Wednesday, September 29, 2010

Network security

Posted by Khaled Alfaiomi | Wednesday, September 29, 2010 | Category: |

In the field of networking, the specialist area of network security[1] consists of the provisions and policies adopted by the network administrator to prevent and monitor unauthorized access, misuse, modification, or denial of the computer network and network-accessible resources

Network security concepts

Network security starts from authenticating the user, commonly with a username and a password. Since this requires just one thing besides the user name, i.e. the password which is something you 'know', this is sometimes termed one factor authentication. With two factor authentication something you 'have' is also used (e.g. a security token or 'dongle', an ATM card, or your mobile phone), or with three factor authentication something you 'are' is also used (e.g. a fingerprint or retinal scan).
Once authenticated, a firewall enforces access policies such as what services are allowed to be accessed by the network users.[2] Though effective to prevent unauthorized access, this component may fail to check potentially harmful content such as computer worms or Trojans being transmitted over the network. Anti-virus software or an intrusion prevention system (IPS)[3] help detect and inhibit the action of such malware. An anomaly-based intrusion detection system may also monitor the network and traffic for unexpected (i.e. suspicious) content or behavior and other anomalies to protect resources, e.g. from denial of service attacks or an employee accessing files at strange times. Individual events occurring on the network may be logged for audit purposes and for later high level analysis
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Communication between two hosts using a network could be encrypted to maintain privacy.
Honeypots, essentially decoy network-accessible resources, could be deployed in a network as surveillance and early-warning tools as the honeypot will not normally be accessed. Techniques used by the attackers that attempt to compromise these decoy resources are studied during and after an attack to keep an eye on new exploitation techniques. Such analysis could be used to further tighten security of the actual network being protected by the honeypot.[4]

[edit] Security management

Security Management for networks is different for all kinds of situations. A small home or an office would only require basic security while large businesses will require high maintenance and advanced software and hardware to prevent malicious attacks from hacking and spamming.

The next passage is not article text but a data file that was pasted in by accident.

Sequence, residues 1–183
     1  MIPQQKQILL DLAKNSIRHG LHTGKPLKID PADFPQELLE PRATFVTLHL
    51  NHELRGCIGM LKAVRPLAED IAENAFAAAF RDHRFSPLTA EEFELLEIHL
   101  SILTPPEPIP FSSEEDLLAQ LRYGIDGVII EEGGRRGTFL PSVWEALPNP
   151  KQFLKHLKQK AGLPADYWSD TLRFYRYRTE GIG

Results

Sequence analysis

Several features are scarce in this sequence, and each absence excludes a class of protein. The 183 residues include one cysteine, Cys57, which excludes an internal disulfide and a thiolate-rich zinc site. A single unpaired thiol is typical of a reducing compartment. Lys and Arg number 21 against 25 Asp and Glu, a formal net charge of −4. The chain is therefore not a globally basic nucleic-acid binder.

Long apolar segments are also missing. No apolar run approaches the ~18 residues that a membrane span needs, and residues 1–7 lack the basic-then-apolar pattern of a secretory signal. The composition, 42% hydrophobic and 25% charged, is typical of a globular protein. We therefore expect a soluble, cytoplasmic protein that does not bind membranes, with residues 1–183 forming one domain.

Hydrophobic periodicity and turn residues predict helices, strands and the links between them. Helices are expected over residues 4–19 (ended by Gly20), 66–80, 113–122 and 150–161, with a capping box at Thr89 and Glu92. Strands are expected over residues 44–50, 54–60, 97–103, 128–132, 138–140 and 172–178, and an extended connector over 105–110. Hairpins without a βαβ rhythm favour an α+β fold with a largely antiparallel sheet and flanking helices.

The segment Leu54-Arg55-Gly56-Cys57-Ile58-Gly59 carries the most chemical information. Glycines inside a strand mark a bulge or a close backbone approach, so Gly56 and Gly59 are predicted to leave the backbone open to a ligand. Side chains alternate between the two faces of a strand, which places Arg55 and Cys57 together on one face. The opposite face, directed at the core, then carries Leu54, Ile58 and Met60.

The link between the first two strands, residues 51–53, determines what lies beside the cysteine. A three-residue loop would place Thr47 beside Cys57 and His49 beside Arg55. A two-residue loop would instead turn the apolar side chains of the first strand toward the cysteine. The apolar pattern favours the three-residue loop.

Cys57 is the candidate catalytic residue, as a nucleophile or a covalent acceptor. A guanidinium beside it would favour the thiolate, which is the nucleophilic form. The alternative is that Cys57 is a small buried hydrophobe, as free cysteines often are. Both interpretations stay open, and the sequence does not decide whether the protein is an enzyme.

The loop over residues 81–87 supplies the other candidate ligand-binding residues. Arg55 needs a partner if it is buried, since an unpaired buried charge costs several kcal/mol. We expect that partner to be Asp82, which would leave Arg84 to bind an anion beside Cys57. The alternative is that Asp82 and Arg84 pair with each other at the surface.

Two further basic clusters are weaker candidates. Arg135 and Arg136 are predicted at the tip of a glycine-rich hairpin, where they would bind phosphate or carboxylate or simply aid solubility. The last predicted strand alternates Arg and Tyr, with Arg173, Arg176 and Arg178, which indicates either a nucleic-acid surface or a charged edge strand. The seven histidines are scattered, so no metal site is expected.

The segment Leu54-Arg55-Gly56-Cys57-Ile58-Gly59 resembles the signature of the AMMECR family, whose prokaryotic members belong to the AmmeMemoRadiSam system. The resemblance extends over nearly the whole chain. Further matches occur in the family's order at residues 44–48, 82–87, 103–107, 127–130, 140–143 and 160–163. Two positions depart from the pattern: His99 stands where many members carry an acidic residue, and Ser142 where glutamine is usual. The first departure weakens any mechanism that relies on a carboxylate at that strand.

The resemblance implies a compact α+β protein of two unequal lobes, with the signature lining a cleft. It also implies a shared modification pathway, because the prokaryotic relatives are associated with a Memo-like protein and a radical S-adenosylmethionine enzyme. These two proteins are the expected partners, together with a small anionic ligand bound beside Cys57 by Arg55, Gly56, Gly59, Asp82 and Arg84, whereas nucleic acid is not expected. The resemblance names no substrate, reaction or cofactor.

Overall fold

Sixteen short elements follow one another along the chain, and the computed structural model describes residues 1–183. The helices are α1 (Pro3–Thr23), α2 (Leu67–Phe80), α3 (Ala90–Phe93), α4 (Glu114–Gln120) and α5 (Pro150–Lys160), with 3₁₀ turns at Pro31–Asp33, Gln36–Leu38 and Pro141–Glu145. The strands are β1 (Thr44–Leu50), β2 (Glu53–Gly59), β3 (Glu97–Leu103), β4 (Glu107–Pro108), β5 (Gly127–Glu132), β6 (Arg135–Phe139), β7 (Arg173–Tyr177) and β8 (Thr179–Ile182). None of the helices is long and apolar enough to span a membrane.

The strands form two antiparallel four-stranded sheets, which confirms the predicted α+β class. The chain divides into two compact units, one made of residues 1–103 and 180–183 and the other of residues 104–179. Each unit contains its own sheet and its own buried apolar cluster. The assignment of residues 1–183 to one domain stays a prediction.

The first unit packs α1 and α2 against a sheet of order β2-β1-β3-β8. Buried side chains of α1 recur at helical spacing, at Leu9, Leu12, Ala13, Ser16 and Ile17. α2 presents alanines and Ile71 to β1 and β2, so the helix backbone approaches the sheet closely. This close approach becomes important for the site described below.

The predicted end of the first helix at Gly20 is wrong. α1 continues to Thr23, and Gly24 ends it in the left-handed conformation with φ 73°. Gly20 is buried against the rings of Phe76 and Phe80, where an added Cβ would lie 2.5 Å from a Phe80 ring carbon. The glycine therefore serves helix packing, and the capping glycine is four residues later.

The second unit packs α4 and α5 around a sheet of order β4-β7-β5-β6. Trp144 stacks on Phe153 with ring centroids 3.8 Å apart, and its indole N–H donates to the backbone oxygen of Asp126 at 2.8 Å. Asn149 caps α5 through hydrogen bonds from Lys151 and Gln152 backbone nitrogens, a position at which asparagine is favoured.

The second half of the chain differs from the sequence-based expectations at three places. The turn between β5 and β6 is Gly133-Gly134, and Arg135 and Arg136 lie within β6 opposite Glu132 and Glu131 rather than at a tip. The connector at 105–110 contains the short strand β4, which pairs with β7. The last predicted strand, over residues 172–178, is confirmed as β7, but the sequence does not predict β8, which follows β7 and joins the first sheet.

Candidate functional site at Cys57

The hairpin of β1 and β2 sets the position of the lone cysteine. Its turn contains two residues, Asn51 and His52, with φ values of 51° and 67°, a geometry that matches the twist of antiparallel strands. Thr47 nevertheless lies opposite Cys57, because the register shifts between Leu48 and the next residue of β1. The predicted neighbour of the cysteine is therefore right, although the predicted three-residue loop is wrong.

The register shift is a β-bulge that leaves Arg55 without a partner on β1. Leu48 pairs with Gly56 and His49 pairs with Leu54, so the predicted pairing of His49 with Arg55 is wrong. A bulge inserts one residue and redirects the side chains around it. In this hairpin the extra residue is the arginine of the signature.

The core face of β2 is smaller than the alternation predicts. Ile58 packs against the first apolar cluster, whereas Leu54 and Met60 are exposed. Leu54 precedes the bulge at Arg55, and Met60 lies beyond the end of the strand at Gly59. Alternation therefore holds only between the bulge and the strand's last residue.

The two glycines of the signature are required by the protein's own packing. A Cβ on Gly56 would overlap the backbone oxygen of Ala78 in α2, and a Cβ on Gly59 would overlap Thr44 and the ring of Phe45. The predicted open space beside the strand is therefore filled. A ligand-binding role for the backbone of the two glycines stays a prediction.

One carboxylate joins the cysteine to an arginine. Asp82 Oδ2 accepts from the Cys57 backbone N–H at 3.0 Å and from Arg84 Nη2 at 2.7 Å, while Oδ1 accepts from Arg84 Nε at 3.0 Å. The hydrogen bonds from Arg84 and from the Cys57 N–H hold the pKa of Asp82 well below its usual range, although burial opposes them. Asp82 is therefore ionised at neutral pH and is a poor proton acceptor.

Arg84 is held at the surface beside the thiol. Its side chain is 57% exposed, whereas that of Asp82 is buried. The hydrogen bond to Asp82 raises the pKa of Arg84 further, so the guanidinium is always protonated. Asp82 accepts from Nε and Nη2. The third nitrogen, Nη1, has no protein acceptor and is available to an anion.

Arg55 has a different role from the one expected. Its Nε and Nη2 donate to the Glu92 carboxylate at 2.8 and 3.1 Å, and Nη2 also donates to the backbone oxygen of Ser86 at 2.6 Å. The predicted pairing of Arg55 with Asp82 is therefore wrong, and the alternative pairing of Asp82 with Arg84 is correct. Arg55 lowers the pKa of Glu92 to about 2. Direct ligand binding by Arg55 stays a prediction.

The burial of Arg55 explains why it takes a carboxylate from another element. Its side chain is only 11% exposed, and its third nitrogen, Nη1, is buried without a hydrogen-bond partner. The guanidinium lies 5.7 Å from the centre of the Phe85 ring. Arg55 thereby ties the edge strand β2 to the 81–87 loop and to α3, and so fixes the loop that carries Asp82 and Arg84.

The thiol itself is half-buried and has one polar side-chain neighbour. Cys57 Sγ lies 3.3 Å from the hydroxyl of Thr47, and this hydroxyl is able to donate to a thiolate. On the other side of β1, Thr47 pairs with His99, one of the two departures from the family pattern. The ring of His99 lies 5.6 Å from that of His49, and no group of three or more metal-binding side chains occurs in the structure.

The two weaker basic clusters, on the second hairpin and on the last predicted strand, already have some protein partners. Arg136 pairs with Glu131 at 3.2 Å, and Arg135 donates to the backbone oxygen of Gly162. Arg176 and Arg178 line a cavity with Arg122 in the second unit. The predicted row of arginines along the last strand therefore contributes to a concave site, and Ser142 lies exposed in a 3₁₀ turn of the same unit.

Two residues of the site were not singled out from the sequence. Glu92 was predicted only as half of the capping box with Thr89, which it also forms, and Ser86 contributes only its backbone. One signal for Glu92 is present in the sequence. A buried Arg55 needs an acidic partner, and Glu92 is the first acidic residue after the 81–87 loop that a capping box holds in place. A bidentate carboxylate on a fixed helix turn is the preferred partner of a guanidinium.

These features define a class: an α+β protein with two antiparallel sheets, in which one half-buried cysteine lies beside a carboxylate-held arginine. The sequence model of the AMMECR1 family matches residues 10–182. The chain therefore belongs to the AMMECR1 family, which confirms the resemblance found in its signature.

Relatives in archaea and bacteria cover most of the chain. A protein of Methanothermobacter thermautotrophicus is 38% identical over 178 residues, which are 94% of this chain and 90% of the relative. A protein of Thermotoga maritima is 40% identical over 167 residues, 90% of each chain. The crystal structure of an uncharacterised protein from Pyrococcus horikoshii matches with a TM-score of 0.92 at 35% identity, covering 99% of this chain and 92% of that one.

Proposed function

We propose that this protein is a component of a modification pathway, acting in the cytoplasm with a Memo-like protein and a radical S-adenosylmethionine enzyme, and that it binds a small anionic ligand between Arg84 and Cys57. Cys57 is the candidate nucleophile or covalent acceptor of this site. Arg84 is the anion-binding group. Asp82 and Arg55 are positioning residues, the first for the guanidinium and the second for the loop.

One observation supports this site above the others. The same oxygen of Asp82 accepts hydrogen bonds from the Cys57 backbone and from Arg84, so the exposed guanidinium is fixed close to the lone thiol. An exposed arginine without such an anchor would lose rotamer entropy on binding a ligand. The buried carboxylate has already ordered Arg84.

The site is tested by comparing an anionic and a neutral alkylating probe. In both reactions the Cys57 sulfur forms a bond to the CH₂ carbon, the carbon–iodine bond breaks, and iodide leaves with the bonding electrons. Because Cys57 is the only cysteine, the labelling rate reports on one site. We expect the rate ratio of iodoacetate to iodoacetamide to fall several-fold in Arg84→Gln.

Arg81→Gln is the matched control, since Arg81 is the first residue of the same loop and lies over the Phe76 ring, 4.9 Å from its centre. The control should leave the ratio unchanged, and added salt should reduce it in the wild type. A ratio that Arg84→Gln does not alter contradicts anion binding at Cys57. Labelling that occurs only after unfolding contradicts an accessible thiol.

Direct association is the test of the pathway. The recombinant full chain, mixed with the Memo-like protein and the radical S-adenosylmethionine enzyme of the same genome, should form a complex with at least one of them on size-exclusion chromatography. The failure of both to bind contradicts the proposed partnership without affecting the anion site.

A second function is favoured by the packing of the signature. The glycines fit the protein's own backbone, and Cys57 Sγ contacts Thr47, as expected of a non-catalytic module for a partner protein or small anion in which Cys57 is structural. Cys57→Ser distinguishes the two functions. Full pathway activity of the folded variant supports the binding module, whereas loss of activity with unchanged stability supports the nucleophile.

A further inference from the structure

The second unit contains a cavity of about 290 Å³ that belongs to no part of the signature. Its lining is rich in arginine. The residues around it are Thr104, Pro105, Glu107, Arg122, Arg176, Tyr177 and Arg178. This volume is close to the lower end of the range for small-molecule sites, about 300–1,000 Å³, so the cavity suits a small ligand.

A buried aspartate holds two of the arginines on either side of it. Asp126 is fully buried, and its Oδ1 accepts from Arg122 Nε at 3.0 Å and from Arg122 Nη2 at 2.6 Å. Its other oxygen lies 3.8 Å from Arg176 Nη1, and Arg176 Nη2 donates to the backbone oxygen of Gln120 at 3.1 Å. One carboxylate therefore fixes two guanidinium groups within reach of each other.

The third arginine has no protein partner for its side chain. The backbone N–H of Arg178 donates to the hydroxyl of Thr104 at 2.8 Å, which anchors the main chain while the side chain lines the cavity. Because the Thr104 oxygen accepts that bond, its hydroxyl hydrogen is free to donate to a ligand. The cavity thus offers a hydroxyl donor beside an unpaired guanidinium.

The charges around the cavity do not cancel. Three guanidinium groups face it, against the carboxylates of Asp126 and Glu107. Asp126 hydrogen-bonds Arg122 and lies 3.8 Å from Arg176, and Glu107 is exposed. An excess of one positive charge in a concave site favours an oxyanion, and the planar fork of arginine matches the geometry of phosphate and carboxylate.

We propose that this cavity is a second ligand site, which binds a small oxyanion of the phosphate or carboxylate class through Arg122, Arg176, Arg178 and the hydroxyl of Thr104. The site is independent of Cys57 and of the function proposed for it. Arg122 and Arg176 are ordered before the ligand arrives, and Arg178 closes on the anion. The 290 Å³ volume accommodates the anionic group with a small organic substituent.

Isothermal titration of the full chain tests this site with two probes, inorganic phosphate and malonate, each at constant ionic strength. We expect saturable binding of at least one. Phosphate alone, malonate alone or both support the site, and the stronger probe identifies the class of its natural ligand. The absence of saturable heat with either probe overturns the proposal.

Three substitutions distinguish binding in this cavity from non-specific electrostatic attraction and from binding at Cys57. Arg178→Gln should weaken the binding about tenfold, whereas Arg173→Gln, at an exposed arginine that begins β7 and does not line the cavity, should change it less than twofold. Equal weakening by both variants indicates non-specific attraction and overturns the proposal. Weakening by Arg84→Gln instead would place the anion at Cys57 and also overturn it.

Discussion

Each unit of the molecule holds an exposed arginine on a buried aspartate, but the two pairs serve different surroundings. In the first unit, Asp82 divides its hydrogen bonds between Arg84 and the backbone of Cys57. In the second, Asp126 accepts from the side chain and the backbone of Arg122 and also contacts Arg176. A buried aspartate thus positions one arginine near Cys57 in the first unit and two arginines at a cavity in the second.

[edit] Small homes

  • A basic firewall like COMODO Internet Security or a unified threat management system.
  • For Windows users, basic Antivirus software like AVG Antivirus, ESET NOD32 Antivirus, Kaspersky, McAfee, Avast!, Zone Alarm Security Suite or Norton AntiVirus. An anti-spyware program such as Windows Defender or Spybot – Search & Destroy would also be a good idea. There are many other types of antivirus or anti-spyware programs out there to be considered.
  • When using a wireless connection, use a robust password. Also try to use the strongest security supported by your wireless devices, such as WPA2 with AES encryption.
  • If using Wireless: Change the default SSID network name, also disable SSID Broadcast; as this function is unnecessary for home use. (However, many security experts consider this to be relatively useless. http://blogs.zdnet.com/Ou/index.php?p=43 )
  • Enable MAC Address filtering to keep track of all home network MAC devices connecting to your router.
  • Assign STATIC IP addresses to network devices.
  • Disable ICMP ping on router.
  • Review router or firewall logs to help identify abnormal network connections or traffic to the Internet.
  • Use passwords for all accounts.
  • Have multiple accounts per family member, using non-administrative accounts for day-to-day activities. Disable the guest account (Control Panel> Administrative Tools> Computer Management> Users).
  • Raise awareness about information security to children.[5]

[edit] Medium businesses

[edit] Large businesses

[edit] School

  • An adjustable firewall and proxy to allow authorized users access from the outside and inside.
  • Strong Antivirus software and Internet Security Software packages.
  • Wireless connections that lead to firewalls.
  • Children's Internet Protection Act compliance.
  • Supervision of network to guarantee updates and changes based on popular site usage.
  • Constant supervision by teachers, librarians, and administrators to guarantee protection against attacks by both internet and sneakernet sources.
  • security via firewall

[edit] Large government

  • A strong firewall and proxy to keep unwanted people out.
  • Strong Antivirus software and Internet Security Software suites.
  • Strong encryption.
  • Whitelist authorized wireless connection, block all else.
  • All network hardware is in secure zones.
  • All host should be on a private network that is invisible from the outside.
  • Put web servers in a DMZ, or a firewall from the outside and from the inside.
  • Security fencing to mark perimeter and set wireless range to this.
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